At Taranaki, Dr. Hector also describes (Progress Report, 1866–7, p. 3), “pleistocene deposits consisting of stratified gravels and sand-rock, with beds of lignite,” reaching an altitude of 150 feet above the sea, which he says “must be regarded as in some way connected with an ancient coast line, and from the circumstance that at the base of this formation in many places, and underneath the lignite seams, there is a layer of rolled broken shells of existing species, we may infer that these gravels have been deposited in lagoons parallel with the coast line during a gradual elevation of the land, and that they have been overtaken, as it were, by the encroachment of the sea, and exposed in the sea cliffs after they are 80 to 100 feet above the present level of the tide.”
Mr. R. Pharazyn, in a paper read to this Society (Trans. N.Z. Inst., II., p. 158), gives evidence of recent elevation near Wanganui; and Dr. Haast (Report on the Cant. Plains, p. 8) at Timaru.
In the Nelson province Mr. W. T. L. Travers also (“Quar. Jour. Geo. Soc.,”
1866, p. 256) describes extensive deposits of post-pliocene gravels and sands, the materials of which “are all water-worn; and exhibit the common appearance of river or beach shingle.” These deposits attain an altitude of more than 2,000 feet above the sea; they “are in no way cemented, very little inclined in stratification, and in many places exhibit perpendicular sections several hundred feet high;” they can, therefore, hardly be due to river action.*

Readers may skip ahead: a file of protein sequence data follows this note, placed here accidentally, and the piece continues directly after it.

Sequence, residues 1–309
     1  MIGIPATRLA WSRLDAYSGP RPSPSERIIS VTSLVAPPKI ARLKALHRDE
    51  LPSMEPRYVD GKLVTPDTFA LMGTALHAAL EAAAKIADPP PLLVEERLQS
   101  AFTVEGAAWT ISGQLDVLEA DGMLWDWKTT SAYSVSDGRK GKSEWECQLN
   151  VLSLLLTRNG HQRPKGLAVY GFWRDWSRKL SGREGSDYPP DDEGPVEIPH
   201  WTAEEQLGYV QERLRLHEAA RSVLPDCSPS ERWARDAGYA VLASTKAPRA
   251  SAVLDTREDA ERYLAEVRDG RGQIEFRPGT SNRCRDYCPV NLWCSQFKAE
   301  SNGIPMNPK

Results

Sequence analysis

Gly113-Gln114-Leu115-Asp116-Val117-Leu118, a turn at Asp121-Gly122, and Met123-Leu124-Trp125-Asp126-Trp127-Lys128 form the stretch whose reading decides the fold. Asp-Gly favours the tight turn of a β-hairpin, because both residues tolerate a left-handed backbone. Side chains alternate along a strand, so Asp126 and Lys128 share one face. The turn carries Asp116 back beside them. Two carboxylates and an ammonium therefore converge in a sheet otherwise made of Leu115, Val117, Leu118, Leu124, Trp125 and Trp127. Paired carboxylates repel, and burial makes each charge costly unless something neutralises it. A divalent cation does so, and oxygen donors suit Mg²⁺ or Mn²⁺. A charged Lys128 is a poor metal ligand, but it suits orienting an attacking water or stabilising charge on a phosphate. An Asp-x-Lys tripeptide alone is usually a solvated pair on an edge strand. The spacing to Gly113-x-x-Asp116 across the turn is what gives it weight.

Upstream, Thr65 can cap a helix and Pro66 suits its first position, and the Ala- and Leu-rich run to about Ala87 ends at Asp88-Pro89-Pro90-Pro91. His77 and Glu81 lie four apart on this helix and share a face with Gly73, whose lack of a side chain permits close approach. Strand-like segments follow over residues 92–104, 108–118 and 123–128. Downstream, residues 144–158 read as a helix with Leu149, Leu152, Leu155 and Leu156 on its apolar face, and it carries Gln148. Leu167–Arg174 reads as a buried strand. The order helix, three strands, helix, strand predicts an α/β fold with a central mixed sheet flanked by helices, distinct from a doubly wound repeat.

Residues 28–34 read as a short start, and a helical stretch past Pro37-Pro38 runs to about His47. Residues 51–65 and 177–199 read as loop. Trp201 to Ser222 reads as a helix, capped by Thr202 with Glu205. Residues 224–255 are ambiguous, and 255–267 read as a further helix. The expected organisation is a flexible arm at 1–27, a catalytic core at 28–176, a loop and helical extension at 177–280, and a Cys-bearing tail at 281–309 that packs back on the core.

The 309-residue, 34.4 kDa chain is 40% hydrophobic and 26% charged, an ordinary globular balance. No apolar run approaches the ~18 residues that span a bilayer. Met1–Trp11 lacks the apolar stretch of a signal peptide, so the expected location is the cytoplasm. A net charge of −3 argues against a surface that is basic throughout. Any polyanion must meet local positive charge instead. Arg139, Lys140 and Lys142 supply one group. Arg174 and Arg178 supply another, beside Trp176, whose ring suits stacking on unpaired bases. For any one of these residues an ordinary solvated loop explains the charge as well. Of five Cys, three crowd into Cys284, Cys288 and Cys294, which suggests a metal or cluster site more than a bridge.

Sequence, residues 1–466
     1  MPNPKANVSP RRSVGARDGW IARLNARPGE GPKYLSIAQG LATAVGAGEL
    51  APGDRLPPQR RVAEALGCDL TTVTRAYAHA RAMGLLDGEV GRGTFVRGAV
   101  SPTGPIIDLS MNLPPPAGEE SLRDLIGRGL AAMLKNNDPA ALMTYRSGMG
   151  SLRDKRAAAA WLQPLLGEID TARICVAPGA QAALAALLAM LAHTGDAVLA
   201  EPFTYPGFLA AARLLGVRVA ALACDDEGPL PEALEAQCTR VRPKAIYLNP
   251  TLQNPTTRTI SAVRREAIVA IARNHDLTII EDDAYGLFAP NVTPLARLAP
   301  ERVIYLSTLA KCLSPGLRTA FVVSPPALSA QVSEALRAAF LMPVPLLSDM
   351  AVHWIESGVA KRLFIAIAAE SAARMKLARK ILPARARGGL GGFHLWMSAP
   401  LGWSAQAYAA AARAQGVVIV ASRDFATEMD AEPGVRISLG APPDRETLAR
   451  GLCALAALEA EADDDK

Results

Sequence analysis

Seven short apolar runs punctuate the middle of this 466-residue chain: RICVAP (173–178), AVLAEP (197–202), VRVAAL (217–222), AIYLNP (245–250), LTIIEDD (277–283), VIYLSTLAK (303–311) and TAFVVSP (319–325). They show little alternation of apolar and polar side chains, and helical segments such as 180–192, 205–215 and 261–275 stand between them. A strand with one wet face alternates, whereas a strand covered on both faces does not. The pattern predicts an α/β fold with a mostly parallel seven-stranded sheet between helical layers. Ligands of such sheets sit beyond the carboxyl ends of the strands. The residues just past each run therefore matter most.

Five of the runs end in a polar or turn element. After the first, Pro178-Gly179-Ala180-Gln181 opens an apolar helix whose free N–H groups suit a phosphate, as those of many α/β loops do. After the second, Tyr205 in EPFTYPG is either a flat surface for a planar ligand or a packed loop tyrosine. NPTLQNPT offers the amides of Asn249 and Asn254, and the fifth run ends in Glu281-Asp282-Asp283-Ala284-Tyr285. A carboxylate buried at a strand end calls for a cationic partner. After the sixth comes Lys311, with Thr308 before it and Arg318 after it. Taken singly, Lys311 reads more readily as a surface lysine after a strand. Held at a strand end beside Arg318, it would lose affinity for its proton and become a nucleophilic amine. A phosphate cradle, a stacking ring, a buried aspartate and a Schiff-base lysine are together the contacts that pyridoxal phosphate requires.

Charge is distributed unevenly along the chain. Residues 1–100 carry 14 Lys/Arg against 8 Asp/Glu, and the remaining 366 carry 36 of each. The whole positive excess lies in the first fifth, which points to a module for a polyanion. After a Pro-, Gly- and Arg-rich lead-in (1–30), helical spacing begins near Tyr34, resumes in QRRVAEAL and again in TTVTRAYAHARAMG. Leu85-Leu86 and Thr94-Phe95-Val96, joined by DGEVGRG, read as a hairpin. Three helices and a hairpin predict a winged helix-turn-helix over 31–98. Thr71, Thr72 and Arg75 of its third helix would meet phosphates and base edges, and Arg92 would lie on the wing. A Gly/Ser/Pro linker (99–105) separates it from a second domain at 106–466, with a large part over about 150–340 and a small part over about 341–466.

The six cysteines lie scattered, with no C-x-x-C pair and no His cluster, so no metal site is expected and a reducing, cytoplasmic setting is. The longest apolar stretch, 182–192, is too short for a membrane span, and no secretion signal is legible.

The sandy beds at Wanganui contain about 10 per cent. of extinct shells, and must therefore be referred to the earlier part of the pleistocene period, that is, the glacial epoch of Europe. I do not know to what height above the sea they attain, but Dr. Hector states (“Cat. Col. Museum,” 1870, p. 172) that they are 100 feet thick at Wanganui. Raised beaches of pleistocene, or of almost recent, age are found at Motanau, in Canterbury, and on the north-west side of Cape Kidnappers, in Hawke Bay, but I do not know their altitude. On the north-west side of Hicks Bay, near the East Cape, there is a very distinctly marked line of inland cliffs; and the same thing is seen in Cook Strait, near Wellington.
Besides all this evidence, Dr. Hector admits that recent raised beaches, from 15 to 25 feet above the sea level, are found in places all round the coast.
The objections which Dr. Hector raised, in his anniversary address to our Society for this year, to a recent elevation of New Zealand, or rather the reasons he adduced in favour of recent subsidence, are:—
1. That vallies on the west coast of Otago, in the northern parts of New Zealand, and in other places, are depressed far beneath the level to which they could have been eroded, and that they are prolonged beneath the water level, forming deep water inlets and harbours. I quite agree with Dr. Hector that these vallies must have been eroded when the land stood far higher than it does now; but they afford no proof of a recent depression, for, as I have already stated, we have unmistakable evidence in the eocene and miocene tertiary rocks found far up some of them that they were formed in the earliest tertiary times, and they no more prove recent subsidence in New Zealand than similar fiords do in Norway, Tierra del Fuego, and the west coast of Scotland, all of which are known to have risen during pleistocene times.
2. That “the low shelving and sandy parts of the coast have a heaped up shore line, that appears as if encroaching on the alluvial deposits.” I do not know to what particular parts of the coast Dr. Hector alludes, but this appears to me to be no evidence, either one way or the other, for if the conditions were favourable for the formation of sand-dunes, they would appear to encroach on the recent marine deposits, as they rose above high water-mark, in the same way that they would be formed over alluvial deposits when sinking.